A Story about “That Guy”

I was musing on this the other day, but most of us have probably heard an adage or two about not being “That Guy.” You know the one: the guy who keeps his shoes on in the home of people that ask for shoes off, the guy who litters his trash in the park while everyone else cleans their own up, the guy who laughs or talks loudly in the movie theater, on and on. We all know a “that guy.”

Little known fact about me: I was at one point Emergency Medical Responder certified and on my way to being an EMT/Paramedic. It was my first course of study out of high school before I decided that path was very much not for me. That said, I still carry a bit of baseline first-aid know-how in my noggin, and was certified as such once upon a time, is the point.

One of the lesser-known things you’re taught as an EMT-to-be is scene management; that is, interacting/handling the injured, onlookers, Nosey Nellies, the works. It cultivates one sense in particular, that being knowing the fine line between being helpful and being in the way.

So, one day I’m at the bank. I’m using an outdoor ATM basically on the corner of two busy streets, and I hear a sound that goes something like “Uuurrrt- bang!” I turn my head to see that an elderly pedestrian had been struck by a van not heeding a red light. “Oof,” I think, and retrieve my card from the ATM before walking over to see what I can do, which I knew thankfully would be pretty simple: hold C-Spine on the patient (keep their head in the same position it is, in case there’s damage to the spine), keep them calm while taking mental notes to assess their overall condition, call 9-1-1, and gather information from witnesses and the driver if possible.

In the time it took for me to pull my card out of the machine, maybe six seconds, I turned around to see an individual already doing exactly everything I’d described above. He had his hands appropriately maintaining the patient’s head position and seemed to have a level head as he introduced himself and began asking appropriate questions. The driver was being a bit loony – no doubt a bit freaked out over the consequences of hitting the pedestrian – but the Samaritan was doing a fine job of keeping them enough in line. I decide the best place for me is somewhere else, so as to not just be another body in the way, because outside of that, there were only a couple of bystanders observing the excitement of the scene.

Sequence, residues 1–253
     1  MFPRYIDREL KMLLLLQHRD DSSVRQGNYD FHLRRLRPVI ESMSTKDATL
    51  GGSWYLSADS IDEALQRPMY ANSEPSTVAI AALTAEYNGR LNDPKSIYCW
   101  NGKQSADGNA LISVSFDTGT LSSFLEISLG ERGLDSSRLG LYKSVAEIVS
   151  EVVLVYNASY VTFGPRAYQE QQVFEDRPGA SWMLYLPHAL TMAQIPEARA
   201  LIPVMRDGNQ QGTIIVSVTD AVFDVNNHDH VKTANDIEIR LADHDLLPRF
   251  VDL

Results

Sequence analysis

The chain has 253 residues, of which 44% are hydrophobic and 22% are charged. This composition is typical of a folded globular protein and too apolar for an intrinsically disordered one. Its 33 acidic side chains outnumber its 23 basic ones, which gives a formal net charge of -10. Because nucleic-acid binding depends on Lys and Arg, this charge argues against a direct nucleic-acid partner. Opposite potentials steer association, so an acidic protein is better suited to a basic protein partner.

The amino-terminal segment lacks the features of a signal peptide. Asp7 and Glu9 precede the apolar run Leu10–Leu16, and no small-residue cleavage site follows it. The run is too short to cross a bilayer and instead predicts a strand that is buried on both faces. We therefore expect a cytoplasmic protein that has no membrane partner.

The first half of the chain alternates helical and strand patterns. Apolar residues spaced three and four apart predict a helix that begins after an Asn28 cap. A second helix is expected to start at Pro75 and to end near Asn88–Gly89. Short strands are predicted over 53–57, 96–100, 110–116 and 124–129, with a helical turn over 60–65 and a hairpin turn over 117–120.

And then…there was That Guy.

That Guy was adamant this was an URGENT CRISIS, and HE was the one who was going to HELP BY ANY MEANS NECESSARY. Then, That Guy decided all traffic in and around the area NEEDED TO STOP. RIGHT. NOW. Mind you, again, we’re on the corner of two notably busy streets around five in the afternoon, meaning there is a lot of traffic on the road at that moment which had suddenly come to a stop. Now, with lines of cars growing, they began to find their way safely around the scene of the accident.

Or, I should say, tried to begin finding their way, but not if That Guy had anything to say about it (and oh boy, did he). This man threw himself in front of cars that were nowhere near the stopped van and the patient in order to “help out.” I still vividly recall him running down the road in a panic – wearing slip-on sandals and a loose backpack, mind you – chasing down and screaming at passing cars that “You need to stop, right now!”

So, I hope that if you’re reading this, you’ve never been a That Guy; and if you were at one point, you’ve seen the error of your ways. He wasn’t helping, even the least bit, but in his insistent, unsolicited effort to help, he became a hindrance and a hazard. If this was a Public Safety Announcement, I’d hope it functions like a true cautionary tale and keeps a few more That Guy’s from spawning into existence.

Cheers, y’all. Stay safe out there.